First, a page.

Six reasons why P.G. Wodehouse is Stephen Fry’s hero

If I were to construct a Plumtopian society according to my own specifications (which, regrettably, nobody has asked me to do) BBC Radio 4 would be one of the first things I’d bung into the package.

In addition to producing high quality radio, the Radio 4 website is also well worth exploring. It contains, among other things, this little gem:

Six reasons why P.G. Wodehouse is Stephen Fry’s hero

Fry and Wodehouse are always an irresistible combination. For a second helping try the 2017 broadcast (currently available on repeat) of Stephen Fry on PG Wodehouse, as part of the BBC Radio 4 Great Lives series.

That’s enough from me.

Happy listening.

HP

Advertisements

8 thoughts on “Six reasons why P.G. Wodehouse is Stephen Fry’s hero

    1. I loved Richard Briers in Wodehouse — he was Eustace Hignett in The Girl on the Boat, played Bertie Wooster in radio adaptations, and was the PERFECT Gally Threepwood in Heavy Weather. He was also President of the P.G. Wodehouse Society.

  1. George P. Smith

    “Wodehouse remained dedicated to the craft of writing and after a full day in the city he could return home and write diligently and prolifically, honing his skills. In those early days he could have papered the walls of his humble lodgings with rejection letters – but he never gave up hope of achieving his ambition. Fry describes his sheer determination as “an inspiration for anyone who is a writer.”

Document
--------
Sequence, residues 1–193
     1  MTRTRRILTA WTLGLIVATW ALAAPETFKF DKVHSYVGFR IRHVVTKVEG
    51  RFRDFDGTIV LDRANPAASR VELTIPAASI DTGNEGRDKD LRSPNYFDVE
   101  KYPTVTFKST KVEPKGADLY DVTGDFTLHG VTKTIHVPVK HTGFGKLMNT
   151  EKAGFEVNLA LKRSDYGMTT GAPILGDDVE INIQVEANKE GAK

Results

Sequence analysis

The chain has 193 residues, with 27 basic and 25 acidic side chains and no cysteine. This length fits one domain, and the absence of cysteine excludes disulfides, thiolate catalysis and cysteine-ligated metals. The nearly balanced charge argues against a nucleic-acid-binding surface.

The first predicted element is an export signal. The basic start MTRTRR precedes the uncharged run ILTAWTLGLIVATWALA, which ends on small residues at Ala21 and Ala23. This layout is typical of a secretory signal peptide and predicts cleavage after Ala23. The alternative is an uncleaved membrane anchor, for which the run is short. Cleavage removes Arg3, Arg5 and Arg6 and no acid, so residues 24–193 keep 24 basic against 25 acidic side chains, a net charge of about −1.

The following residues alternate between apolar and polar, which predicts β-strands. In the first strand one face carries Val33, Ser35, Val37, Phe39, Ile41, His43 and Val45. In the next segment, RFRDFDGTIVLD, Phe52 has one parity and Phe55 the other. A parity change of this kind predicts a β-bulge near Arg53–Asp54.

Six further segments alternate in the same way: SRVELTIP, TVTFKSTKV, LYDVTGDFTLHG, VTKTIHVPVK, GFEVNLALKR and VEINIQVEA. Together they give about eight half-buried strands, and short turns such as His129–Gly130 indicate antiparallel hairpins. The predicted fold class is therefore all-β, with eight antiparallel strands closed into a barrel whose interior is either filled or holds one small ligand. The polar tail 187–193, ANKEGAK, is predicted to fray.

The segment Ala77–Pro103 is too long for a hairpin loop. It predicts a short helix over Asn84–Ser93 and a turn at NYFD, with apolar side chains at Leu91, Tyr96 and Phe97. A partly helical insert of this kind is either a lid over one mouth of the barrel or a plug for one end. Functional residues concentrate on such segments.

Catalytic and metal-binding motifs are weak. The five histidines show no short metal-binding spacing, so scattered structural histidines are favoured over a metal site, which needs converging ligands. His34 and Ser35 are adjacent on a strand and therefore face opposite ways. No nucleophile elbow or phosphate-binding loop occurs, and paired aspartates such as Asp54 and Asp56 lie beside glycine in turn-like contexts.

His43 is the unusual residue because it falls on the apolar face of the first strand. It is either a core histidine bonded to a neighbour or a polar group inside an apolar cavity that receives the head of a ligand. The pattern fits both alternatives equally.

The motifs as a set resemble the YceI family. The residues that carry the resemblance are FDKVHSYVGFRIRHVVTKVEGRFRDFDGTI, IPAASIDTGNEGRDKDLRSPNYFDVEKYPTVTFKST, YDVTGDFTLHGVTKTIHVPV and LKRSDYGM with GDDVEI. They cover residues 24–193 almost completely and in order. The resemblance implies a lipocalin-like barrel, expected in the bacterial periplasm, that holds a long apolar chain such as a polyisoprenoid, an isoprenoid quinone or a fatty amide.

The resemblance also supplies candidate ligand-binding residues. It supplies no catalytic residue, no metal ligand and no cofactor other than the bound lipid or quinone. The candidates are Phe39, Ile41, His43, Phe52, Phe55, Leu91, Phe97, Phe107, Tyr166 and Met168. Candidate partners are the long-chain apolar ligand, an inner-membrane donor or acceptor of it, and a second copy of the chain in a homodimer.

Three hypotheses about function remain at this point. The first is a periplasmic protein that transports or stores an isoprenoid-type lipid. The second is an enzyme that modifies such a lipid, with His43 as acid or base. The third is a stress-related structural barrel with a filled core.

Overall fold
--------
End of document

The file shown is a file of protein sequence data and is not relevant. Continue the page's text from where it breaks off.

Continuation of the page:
thanks Honoria for sharing this. May God give us, all of us amateur writers, such an indomitable will, soul and spirit.

  2. jackfielduk

    Thanks for another great post HP and I agree, Fry and Wodehouse are indeed an irresistible combination — like ham and eggs!
    Plum remains an inspiration to us novice writers and truly was the master of his profession.

  3. If I could have a wish granted, it would be that, if Channel 4 is to produce pieces on writers of technically impeccable English (like PGW), they get theirs correct — ‘waivering”!; “prolifically”!!! And yes, as I’ve said before, Ian Carmichael is my best Bertie. Thanks Mrs Plum, and of course Stephen, with whom I wholeheartedly agree.

Leave a Reply

Fill in your details below or click an icon to log in:

WordPress.com Logo

You are commenting using your WordPress.com account. Log Out /  Change )

Google+ photo

You are commenting using your Google+ account. Log Out /  Change )

Twitter picture

You are commenting using your Twitter account. Log Out /  Change )

Facebook photo

You are commenting using your Facebook account. Log Out /  Change )

Connecting to %s